days. On March 1, 2002, Judge Florence Foster recognized 20 graduates in her courtroom.
Teen Court Awards
Juvenile Diversionary Programs honored Teen Court students and adult
volunteers, with assistance from State Attorney Mark Ober, who
presented the awards. The Hillsborough County Bar Association,
Young Lawyers Division, donated scholarships to two teen volunteers,
Erik Wagner of Tampa Preparatory School and Brandon Bognar of
the University of South Florida. Brandon and Gaither High Schools,
Tampa Catholic, Tampa Prep, Sligh and Wilson Middle Schools were
also noted for their local exemplary leadership in the Teen Court
Program. Local attorneys receiving awards for outstanding service
included Charles Inman, Public Defender's Offi ce; Jeff Bassett, Attorney
General's Offi ce; and Ben Stewart, Stewart Law Group.
Brad Kemker and volunteer Teen Court Judge Jeff Bassett
presented awards to Teen Court participants.
Bring Your Child to Work Day
Almost 50 children rode to work with their parents
on April 27, 2002, to learn more about the role that
they play in the court system. Court Personnel
Resources staff organized an "up-close" view of
a holding cell and tour of the courthouse, which
provided the children with an overview of how
the judicial system operates. Other activities
included a mock trial, with Judge Vivian Maye
presiding, a demonstration of the Tampa Police
Department Motorcycle Unit and MADD.
United Way Campaign Yields Pledges
Organized by Court Personnel Resources, the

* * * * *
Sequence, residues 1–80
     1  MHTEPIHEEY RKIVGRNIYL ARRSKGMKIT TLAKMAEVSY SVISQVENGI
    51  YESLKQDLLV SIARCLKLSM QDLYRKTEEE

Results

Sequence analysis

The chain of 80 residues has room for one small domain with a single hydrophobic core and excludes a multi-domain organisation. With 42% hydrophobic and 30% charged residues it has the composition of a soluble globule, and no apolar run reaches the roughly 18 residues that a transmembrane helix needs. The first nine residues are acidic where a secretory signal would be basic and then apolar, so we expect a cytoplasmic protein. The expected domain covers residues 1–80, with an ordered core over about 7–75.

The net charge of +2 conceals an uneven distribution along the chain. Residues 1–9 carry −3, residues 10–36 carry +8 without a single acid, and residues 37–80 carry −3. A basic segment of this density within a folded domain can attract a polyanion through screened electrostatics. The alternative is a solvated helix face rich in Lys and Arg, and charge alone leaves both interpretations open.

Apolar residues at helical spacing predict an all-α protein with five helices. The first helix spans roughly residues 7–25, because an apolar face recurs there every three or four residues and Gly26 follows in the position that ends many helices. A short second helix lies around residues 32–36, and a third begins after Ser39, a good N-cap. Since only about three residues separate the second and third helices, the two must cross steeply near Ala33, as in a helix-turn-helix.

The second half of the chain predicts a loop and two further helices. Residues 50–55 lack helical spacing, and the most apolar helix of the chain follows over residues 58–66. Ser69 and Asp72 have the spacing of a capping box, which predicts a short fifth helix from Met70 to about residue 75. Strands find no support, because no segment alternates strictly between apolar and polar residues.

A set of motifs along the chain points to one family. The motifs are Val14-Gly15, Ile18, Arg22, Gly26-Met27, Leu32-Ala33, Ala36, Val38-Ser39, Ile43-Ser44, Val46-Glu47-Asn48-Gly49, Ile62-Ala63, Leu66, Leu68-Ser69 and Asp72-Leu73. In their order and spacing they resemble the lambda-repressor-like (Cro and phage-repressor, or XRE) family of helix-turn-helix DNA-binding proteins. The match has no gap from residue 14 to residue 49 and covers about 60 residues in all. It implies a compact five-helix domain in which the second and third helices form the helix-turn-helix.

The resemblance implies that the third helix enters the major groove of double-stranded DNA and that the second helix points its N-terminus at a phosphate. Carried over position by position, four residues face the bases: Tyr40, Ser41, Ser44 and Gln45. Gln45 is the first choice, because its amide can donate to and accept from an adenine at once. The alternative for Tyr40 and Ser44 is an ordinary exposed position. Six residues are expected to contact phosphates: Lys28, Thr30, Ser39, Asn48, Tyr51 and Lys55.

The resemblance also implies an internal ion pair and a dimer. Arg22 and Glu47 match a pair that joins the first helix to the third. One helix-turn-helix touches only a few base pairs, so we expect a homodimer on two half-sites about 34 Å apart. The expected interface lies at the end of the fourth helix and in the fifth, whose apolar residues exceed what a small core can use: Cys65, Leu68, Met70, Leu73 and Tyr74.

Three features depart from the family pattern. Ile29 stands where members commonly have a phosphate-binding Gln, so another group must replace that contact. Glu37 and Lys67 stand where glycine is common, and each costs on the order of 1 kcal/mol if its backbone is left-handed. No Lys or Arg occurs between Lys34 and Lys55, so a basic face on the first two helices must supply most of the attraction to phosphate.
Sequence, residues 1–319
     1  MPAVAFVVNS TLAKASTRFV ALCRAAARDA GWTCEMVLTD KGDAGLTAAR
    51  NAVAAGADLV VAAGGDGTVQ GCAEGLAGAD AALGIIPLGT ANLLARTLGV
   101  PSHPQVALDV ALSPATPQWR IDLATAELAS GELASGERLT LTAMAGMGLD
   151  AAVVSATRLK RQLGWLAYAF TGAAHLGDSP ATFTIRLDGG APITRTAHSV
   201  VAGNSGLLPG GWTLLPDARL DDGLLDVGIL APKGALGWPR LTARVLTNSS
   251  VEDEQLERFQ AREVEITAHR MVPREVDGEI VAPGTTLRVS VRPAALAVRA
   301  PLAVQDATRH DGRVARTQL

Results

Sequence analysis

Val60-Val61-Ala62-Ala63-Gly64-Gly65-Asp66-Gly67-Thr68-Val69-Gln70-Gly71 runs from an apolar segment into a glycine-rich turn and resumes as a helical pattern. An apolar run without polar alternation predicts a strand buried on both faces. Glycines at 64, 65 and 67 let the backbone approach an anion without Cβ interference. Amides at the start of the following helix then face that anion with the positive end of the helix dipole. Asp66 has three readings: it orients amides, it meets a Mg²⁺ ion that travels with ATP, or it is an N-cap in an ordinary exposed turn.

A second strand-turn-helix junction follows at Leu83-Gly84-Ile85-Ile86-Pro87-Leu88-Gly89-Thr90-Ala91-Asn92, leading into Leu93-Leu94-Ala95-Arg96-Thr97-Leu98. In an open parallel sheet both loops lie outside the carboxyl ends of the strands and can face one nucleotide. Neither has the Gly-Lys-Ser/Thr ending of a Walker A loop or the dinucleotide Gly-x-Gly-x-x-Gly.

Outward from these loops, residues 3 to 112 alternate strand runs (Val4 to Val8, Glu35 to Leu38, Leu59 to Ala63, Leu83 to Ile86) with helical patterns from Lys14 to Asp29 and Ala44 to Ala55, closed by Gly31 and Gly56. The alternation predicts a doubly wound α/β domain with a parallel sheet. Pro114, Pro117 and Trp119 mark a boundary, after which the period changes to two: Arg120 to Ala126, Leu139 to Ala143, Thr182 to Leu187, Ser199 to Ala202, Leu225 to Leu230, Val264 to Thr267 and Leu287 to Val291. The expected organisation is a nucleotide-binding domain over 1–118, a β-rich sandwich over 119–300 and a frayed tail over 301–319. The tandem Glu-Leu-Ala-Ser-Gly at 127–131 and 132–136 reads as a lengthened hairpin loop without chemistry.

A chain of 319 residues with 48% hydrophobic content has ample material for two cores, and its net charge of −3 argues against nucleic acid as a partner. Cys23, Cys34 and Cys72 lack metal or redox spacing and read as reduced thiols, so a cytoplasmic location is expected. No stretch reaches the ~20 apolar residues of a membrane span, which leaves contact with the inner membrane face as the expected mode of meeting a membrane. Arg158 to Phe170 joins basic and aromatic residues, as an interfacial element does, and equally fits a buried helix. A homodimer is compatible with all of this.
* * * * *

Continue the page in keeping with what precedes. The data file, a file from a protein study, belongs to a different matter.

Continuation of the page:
annual drive raised almost $7,000 through payroll
deductions, one-time pledges and special efforts
- Friday Jeans Day and International Coffee and
Donut Sales.
Yasmin Arguelles and Tracey Wells volunteered to assist with courthouse tours.
2002 ANNUAL REPORT
20



2002 Highlights
Elves for Elders
Collaborating with Aging Solutions, Inc. who provide
Public Guardianship services, the Elder Justice Center
recruited "elves" from across the courts to help
underprivileged seniors in Hillsborough County have a
brighter holiday season.
Roving Administrator Arrives at Romania
The Department of Justice, Offi ce of Overseas Prosecution,
Development and Training, called on Court Administrator
Mike Bridenback to join a team of experts to work with
local offi cials in Romania to improve court management
techniques in the new government. Upon his return to his
traditional job, almost 80 judges and employees gathered
in Courtroom 7, where he shared his observations of
Edna McKnight displays one of the tags used to identify wards'